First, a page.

Swamp thing

Matt Kenyon is taking on our culture. To do that, he’s become a human barcode scanner.
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Photograph by Deirdre Robert

Matt Kenyon is taking on our culture. To do that, he’s become a human barcode scanner

People do extreme things in the name of art. US mixed media artist Matthew Kenyon made a hole in his cheek through which a cable ran connected to a micro-camera in his mouth, turning himself into a human barcode scanner. As Kenyon trawled Wal-Mart and supermarket aisles, mouth open wide, he used a Nielsen Homescan barcode scanner (provided after he signed up to Nielsen’s voluntary self-profiling consumer system) to corrupt marketing data research and mess with consumer profiling. Now he’s in New Zealand. Watch out, The Warehouse.

Kenyon, currently resident at AUT University’s CoLab creative technology centre, is one half of digital media collective SWAMP (Studies of Work Atmospheres and Mass Production). With collaborator Doug Easterly, an associate professor at Victoria University’s Faculty of Architecture and Design, Kenyon creates works that critique and challenge popular culture, consumerism, mass marketing, global corporations and government. They represent a convergence of art and emerging technology, often with a satirical, ironic edge.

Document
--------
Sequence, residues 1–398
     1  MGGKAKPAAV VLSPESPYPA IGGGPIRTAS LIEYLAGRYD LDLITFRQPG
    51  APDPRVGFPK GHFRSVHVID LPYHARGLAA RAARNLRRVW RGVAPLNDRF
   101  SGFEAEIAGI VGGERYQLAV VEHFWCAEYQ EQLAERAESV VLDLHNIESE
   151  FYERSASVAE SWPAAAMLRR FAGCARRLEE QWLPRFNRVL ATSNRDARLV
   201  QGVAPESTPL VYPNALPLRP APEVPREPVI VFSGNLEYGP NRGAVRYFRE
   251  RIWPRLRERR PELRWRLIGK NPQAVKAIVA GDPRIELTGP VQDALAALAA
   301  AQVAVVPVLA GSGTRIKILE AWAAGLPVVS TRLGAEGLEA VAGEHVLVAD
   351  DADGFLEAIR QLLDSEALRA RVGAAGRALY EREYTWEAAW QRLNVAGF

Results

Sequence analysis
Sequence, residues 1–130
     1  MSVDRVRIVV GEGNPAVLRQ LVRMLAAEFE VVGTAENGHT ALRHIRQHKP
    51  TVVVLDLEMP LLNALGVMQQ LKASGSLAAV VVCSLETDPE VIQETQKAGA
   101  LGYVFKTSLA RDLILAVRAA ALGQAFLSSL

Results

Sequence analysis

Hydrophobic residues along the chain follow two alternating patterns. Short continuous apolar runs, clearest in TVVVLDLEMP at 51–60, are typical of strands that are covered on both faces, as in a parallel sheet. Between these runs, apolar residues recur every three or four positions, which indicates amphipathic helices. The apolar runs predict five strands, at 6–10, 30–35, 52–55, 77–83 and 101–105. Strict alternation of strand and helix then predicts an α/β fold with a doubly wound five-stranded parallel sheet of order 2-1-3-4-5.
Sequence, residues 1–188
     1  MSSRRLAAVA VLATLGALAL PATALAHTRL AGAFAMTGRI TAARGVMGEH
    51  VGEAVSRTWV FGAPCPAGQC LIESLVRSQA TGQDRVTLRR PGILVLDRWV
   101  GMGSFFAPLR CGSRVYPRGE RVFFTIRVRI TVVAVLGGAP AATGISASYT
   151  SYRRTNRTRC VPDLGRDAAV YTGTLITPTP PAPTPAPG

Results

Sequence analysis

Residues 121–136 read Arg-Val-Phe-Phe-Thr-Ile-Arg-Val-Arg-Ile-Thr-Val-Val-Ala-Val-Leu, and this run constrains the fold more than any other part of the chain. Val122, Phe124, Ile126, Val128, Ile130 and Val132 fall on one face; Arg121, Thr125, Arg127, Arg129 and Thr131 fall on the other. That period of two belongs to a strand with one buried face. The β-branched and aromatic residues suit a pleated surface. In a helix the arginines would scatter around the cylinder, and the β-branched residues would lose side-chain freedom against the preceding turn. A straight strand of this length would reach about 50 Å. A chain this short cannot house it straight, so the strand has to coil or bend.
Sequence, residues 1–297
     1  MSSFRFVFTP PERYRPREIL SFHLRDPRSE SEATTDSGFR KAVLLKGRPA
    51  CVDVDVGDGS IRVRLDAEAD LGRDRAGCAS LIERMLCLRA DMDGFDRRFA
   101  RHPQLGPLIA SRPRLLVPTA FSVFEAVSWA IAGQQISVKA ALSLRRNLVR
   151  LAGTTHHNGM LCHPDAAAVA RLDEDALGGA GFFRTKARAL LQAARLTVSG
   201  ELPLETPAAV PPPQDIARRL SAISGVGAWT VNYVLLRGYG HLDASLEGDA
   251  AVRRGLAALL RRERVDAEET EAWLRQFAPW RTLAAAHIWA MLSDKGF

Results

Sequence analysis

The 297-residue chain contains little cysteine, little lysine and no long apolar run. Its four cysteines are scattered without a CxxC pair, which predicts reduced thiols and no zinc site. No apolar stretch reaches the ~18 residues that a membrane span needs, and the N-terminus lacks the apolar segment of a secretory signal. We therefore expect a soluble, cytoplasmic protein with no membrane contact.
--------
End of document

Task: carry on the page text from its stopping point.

“We are taking on elements of our culture that are thought of as counter-creative, anti-creative, and exposing them as useful material for creative critique,” says Kenyon. He hopes SWAMP’S works will encourage people to “question the daily activities that we take for granted, these institutions of mass commerce consumption”.

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